SLAC National Accelerator Laboratory researchers revealed the living biology of dinosaur feathers in a recent paper published in Nature Ecology & Evolution on Sept. 21.
“We found that ancient dinosaur feathers like those in 125-million-year-old dinosaur Sinornithosaurus are much more similar in chemistry to the feathers of modern birds than we previously thought,” said Tiffany Slater, a postdoctoral researcher at University College Cork in Ireland and lead author on the paper.
A synchrotron, which is a particle accelerator that produces very high intensity X-rays to form a beam, analyzed the sample and produced a distribution of compounds present.
The synchrotron also informs researchers about the structure and function of the molecules. Used in tandem, these pieces of information reveal not only what molecules exist in a sample but what their function was at the time of burial.
Until recently, paleontology relied purely on fossilized bones to tell the story of how dinosaurs lived and what they looked like. Slater is working to change that.
“When you think about a paleontologist, you think about somebody going out into the field and digging up dinosaurs,” Slater said. “But a lot of my work is done in the lab.”
Slater places feathers from modern birds like chickens in an oven. Then she simulates fossilization “by heating the feathers up to temperatures that they would have experienced during burial.”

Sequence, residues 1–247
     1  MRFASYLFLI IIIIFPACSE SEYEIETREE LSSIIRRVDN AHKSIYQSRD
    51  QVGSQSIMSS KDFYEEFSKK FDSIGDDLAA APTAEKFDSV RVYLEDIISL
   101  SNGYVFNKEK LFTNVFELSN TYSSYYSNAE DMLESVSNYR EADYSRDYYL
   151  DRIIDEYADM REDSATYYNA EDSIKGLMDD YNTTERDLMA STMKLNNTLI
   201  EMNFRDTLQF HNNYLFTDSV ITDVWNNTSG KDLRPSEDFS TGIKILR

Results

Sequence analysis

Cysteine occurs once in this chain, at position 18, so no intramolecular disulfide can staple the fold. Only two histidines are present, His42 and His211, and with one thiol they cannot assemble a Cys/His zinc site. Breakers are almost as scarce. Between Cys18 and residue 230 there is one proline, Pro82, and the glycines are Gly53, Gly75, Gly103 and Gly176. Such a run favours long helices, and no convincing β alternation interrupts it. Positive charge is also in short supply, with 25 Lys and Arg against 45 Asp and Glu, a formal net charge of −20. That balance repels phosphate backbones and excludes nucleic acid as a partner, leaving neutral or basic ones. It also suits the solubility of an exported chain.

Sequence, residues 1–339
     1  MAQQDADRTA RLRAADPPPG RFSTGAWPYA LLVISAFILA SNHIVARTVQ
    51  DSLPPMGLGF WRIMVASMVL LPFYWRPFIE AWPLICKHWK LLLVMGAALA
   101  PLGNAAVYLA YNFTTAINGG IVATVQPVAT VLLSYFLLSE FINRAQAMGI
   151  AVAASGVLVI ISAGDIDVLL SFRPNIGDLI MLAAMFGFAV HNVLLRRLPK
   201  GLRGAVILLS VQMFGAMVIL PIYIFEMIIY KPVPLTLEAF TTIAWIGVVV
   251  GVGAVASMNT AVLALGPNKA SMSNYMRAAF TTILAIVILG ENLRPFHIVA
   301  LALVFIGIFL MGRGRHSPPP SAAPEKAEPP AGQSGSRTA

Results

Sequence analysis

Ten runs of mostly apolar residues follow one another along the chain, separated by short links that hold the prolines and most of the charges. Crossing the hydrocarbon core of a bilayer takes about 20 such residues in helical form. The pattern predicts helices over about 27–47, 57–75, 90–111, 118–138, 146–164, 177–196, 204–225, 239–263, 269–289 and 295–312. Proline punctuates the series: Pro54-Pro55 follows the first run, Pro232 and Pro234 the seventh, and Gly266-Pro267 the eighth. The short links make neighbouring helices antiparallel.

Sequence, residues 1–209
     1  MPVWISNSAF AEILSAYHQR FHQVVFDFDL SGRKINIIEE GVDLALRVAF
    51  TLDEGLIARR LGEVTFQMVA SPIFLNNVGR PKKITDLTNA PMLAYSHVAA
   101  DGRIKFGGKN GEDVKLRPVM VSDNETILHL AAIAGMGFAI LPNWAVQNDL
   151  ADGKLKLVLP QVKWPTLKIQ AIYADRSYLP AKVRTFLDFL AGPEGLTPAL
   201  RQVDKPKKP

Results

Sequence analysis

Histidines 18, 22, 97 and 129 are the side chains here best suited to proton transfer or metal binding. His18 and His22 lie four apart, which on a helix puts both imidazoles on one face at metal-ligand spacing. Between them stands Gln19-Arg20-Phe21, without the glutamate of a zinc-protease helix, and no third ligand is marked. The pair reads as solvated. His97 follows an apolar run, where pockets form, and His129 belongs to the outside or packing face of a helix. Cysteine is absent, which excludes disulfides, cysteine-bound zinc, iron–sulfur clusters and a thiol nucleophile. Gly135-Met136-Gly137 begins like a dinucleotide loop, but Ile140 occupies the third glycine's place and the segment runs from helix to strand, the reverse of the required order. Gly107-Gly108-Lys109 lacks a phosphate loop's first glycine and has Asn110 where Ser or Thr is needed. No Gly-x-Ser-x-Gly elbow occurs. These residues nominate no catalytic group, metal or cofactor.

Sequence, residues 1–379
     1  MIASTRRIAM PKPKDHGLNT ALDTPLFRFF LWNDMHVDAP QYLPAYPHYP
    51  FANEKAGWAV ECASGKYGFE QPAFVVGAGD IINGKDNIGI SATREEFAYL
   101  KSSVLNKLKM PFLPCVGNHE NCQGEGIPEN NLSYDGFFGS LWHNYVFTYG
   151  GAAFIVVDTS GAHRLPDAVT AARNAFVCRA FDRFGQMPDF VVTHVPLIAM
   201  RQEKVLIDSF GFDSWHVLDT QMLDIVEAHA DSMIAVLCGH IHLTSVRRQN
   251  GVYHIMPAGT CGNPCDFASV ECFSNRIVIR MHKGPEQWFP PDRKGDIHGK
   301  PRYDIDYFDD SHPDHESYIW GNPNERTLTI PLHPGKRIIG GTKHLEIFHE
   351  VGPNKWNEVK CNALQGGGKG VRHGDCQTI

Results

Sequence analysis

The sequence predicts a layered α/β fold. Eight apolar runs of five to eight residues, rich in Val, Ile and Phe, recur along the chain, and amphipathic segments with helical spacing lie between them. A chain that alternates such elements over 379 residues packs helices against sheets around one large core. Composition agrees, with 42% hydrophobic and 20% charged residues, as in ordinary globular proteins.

As a result, Slater developed an improved understanding of how proteins degrade over time. Researchers said this allows them to draw more accurate conclusions about the molecular makeup of dinosaurs.
SLAC engineer Nicholas Edwards said “unless you consider the potential degradation of the fossil you’re looking at you might make the wrong interpretation.” The work of Edwards and Slater shows that proteins may degrade into other proteins over time.
Mary Schweitzer, a professor emeritus at North Carolina State University who was not involved in the study, said there is near consensus among scientists that birds originated from dinosaurs.
Slater agreed: “[Our] research is kind of strengthening that evidence ever so slightly.”
Schweitzer said the study more than supports scientific consensus: “If you’re going to want to make predictions about the future, you need to understand the past, because that’s the only place where there’s data.”
While this paper is complete, it opens up a new line of questioning for the research team.
“Can the chemistry of the fossil reflect the chemistry of that organism when it was alive? And if so, what can that tell us about its living biology?” Edwards said.
Beyond strengthening our understanding of the origin of birds, Slater said this work is important because of how it can engage people in science.
“Paleontology is so spectacular because it’s kind of a gateway science,” Slater said. “It really fascinates and captivates young kids — and even adults.”
This article has been corrected to reflect the correct age of the Sinornithosaurus fossils. The Daily regrets this error.